In yet another step towards eliminating the use of non-ISI two-wheeler helmets, Government of India will soon ban the sale of them throughout the country. By 2018-end, selling a non-ISI helmet will become a punishable offense. We believe that this will be a huge step in the right direction to reduce road fatalities involving two-wheelers.
It is being said that this move to ban sales of non-ISI helmets has been welcomed by the ISI helmet association. This development took place on the sidelines of an event organized by MoRTH on March-7, wherein Nitin Gadkari and Dharmendra Pradhan launched Sukhad Yatra mobile app and 1033 National Highway emergency helpline number. BIS has told a Supreme Court panel on road safety that the compulsory move for ISI certification can be implemented within 6 months from now.
Rajeev Kapur, President, ISI helmet manufacture Association said, “We are proud of our policy makers as this was much needed. Looking at the current statics over 75 to 80 percent of helmets used by two-wheeler riders across India do not meet ISI standards, the market is flooded with sub-standard products that compromise on safety despite a fourth of all road deaths involve two-wheeler occupants. We are now glad that government has made it mandatory for all helmet manufacturers to obtain Indian standards certification from Bureau of Indian Standards (BIS) for the headgears in order to reduce road fatalities.”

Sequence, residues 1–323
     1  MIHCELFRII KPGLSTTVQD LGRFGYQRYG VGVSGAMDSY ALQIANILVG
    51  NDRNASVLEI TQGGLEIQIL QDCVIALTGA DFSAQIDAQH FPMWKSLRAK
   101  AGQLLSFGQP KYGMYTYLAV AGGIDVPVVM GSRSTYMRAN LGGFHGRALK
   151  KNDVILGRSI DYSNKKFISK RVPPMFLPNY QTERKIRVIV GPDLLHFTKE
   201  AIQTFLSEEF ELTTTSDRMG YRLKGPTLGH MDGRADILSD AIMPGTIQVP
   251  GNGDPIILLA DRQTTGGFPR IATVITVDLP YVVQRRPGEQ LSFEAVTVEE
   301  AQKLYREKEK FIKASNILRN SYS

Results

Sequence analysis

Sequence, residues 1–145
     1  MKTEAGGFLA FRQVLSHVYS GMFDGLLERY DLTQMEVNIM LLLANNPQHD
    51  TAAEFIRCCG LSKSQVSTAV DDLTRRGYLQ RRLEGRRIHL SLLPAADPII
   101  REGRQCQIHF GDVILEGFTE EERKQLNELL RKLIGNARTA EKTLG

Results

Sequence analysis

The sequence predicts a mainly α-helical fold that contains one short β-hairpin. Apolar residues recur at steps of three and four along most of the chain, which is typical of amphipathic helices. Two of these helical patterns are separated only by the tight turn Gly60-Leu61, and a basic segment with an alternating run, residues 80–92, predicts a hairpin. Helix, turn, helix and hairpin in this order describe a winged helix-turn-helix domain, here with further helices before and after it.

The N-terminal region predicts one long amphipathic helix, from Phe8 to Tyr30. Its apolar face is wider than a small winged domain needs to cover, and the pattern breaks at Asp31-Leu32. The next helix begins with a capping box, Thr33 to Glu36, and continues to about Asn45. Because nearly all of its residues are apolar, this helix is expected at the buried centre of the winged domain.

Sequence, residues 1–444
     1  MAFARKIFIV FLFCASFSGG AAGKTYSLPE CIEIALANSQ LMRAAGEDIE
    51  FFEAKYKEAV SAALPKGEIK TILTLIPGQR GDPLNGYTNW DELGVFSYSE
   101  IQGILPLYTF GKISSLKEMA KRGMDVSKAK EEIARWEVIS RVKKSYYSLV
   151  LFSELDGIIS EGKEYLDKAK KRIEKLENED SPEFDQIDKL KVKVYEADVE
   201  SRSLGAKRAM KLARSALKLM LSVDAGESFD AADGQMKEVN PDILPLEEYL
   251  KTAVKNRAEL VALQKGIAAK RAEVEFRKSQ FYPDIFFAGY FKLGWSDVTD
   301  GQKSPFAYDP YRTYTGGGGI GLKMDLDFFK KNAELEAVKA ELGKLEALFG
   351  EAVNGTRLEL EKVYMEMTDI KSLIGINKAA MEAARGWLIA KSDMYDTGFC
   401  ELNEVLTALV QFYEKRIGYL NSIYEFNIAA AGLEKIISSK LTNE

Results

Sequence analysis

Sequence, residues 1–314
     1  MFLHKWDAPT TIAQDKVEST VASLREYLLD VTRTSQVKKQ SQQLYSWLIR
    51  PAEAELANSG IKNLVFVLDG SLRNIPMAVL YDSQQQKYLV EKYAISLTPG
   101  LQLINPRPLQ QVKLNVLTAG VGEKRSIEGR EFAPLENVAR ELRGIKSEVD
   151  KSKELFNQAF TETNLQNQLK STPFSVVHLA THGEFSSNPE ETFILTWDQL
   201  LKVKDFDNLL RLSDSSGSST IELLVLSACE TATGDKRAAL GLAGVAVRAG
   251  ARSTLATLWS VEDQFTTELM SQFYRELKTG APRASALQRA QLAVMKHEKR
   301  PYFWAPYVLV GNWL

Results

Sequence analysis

While it’s actually a thing of common sense to wear a helmet to protect oneself while riding a two-wheeler, many two-wheeler users in India find the practice of wearing a helmet totally unnecessary. While the various drives to push two-wheeler users into wearing a helmet has yielded some positive results, many users buy cheap, non-ISI mark helmets. Such helmets generally offer no protection and their usage has even given rise to a fake helmet industry. Economics suggest that the least possible cost of production of an ISI-approved helmet ranges between Rs 300-400. There are many replicas of these helmets available for as low as Rs 100. Such helmets are being purchased to avoid being fined by the traffic cops. However, they offer no protection in an event of a crash.
Estimated demand for two-wheeler helmets in India is around 90 million pieces per annum. A large number of two-wheeler users purchase non-ISI helmets. The government’s move will aim to convert them into users of ISI-approved helmets. The authorities will soon start identifying retailers of non-ISI helmets and booking them under the law.
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